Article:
There’s nothing wrong with healthy competition. Whether it’s on the field or in the boardroom, competition makes people try harder, move faster and embrace change. Without competition, there would be less incentive to think about customers, push for innovation, or strive to hit goals.
In PR, we rarely meet a CEO, a CMO, or a marketing director that doesn’t have an eye on the competition. Yes, we occasionally get the claim that “no one does what we do” but once you dig in, you start to hear about the companies that keep them up at night. Everyone has (or should have) a list of competitors that grind their gears. Sometimes it’s because the competition has a better feature, has more customers, has more brand personality or has a better record in proof of concept meetings. They might be bigger (more cash), smaller (more nimble) or faster (more features). No matter the reason, the goal remains clear: beat the competition.
SHIFT once had a client that wanted only one way to measure the PR program: did we beat the competitors in earned media coverage each month? It didn’t matter whether the competitors’ coverage was positive or negative, whether we drove any website traffic, provided any referrals or helped close any sales deals. We just had to show that our number was bigger than theirs.
And this is when competition can become unhealthy. In PR, we always watch our clients’ competitors. We keep our eyes on their announcements, the journalists they’re talking to, the trends they are talking about and their industry share of voice. We want to know the publications that drive the most traffic back to their site, the ad words they’re buying and the influencers that follow them. All of this helps us stay fresh, remain one step ahead and increase brand awareness.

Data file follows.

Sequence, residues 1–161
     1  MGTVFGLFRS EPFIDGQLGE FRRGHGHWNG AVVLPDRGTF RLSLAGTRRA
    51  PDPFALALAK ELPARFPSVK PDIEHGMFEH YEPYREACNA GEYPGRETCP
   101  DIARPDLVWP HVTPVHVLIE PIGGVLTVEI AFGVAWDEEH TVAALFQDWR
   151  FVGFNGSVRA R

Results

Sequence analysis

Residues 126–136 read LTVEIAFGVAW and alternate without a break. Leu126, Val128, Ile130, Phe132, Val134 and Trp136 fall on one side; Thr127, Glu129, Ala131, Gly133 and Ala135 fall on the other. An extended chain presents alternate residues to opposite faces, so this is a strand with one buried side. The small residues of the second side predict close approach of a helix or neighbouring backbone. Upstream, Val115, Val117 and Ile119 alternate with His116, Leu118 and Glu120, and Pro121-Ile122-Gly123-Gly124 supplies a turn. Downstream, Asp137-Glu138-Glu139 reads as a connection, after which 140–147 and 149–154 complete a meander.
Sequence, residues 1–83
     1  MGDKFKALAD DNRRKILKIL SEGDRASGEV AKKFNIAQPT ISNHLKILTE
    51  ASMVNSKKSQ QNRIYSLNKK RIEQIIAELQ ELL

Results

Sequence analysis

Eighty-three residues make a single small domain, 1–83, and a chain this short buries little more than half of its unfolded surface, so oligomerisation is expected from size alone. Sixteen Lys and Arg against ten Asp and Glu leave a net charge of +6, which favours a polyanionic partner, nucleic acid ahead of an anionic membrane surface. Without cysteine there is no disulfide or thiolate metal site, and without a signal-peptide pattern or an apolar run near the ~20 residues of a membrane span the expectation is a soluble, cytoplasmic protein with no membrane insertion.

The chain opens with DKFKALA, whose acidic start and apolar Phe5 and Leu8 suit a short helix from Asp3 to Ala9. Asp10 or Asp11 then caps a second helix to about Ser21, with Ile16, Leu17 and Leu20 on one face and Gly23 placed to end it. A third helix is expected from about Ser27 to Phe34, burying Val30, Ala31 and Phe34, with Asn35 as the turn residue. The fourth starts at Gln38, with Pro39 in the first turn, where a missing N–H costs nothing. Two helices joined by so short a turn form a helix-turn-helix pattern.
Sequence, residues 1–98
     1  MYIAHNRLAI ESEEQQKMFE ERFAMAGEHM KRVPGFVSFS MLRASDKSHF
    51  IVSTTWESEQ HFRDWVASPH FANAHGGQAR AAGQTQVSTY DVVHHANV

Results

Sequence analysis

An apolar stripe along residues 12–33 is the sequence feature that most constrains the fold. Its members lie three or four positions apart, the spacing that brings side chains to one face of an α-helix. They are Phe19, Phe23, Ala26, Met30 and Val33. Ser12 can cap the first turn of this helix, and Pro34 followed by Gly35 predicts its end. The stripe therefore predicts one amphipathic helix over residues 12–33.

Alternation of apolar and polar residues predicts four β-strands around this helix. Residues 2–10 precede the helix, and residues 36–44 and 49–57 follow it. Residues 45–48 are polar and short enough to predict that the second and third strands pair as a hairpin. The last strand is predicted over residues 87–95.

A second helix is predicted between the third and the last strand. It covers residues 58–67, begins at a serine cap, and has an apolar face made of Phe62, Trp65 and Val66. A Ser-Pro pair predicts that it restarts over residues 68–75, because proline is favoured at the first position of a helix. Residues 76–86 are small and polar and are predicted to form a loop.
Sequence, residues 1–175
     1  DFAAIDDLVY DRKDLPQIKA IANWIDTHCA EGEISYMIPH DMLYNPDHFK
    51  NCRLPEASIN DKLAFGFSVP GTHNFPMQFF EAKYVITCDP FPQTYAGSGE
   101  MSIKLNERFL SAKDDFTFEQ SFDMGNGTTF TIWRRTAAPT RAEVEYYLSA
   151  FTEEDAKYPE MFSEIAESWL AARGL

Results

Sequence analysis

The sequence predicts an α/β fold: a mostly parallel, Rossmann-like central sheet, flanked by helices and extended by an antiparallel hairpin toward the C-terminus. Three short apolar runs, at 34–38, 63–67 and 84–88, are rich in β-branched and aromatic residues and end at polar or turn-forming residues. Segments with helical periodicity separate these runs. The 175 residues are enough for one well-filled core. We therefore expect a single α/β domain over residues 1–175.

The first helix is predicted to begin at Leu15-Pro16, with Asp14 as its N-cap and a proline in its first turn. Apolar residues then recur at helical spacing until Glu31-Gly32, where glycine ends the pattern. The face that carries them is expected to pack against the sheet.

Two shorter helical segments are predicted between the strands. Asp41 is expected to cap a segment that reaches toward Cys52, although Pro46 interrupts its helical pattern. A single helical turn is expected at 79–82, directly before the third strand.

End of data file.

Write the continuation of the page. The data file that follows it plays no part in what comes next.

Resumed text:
But when reacting to the competition becomes a significant PR strategy – one that takes priority over all others – we often find ourselves losing.
First, it causes us to lose focus on our own PR program and goals. At the start of every program, we create pillars and themes that our client wants to own, which map directly back to sales. But, when a competitor gets coverage on an unrelated topic, clients want to react to the conversation (piling on or disagreeing) instead of driving it. This not only makes a company look smaller to readers and journalists, it does nothing for thought leadership and brand awareness. When we go back to measure the program, we may count a number of earned media articles, but ownership around important industry trends hasn’t moved an inch. Other metrics like domain authority, website traffic and whitepaper downloads are stagnant.
Second, it increases the odds for reputation management problems. All too often well-meaning spokespeople bash competitors during an interview or over social media. While this may feel cathartic and the best way to share a different message, it only increases the visibility of the competitor, makes them look bigger, and hurts their company’s reputation. It’s hard not to focus on inaccuracies, lies or exaggerations but the best way to combat those is to drown them out with positive feature coverage about their own company, increasing brand awareness and driving leads.
Third, it makes us lose sight of reality. Sometimes, competitors will do something better. They’ll release a better feature, will share a cunning soundbite or will announce a bigger customer. And this will result in coverage. It’ll be hard to acknowledge but the inability to take a step back and admit that the competitor is onto something prevents forward motion. It prevents the PR team from pushing the client in a different direction, making improvements to their approach or reaching out to journalists on a new topic.
Finally, it prevents innovation. Every PR program should include the nuts and bolts. However, to really move the needle with brand awareness and lead generation, the PR program needs out-of-the-box thinking. When a company is entirely focused on competitors, the courage to try something different gets lost. Clients can become so paralyzed by ensuring that everything they do aligns with what competitors are doing that they miss the opportunity to be unique and stand out.
At the end of the day, the competition will more than likely get coverage. It may be business or trade press. It may be a quick mention or a feature; an accurate portrayal or a fluff piece. Every PR team should be aware and discuss internally. Frankly, a good PR person will feel competitive and will secure a strategic hit in a top-tier outlet (take that!). But, competitor coverage and business moves should inform the PR program, not drive it. The best way to manage a solid reputation and beat competitors is to give them no more than the energy they deserve.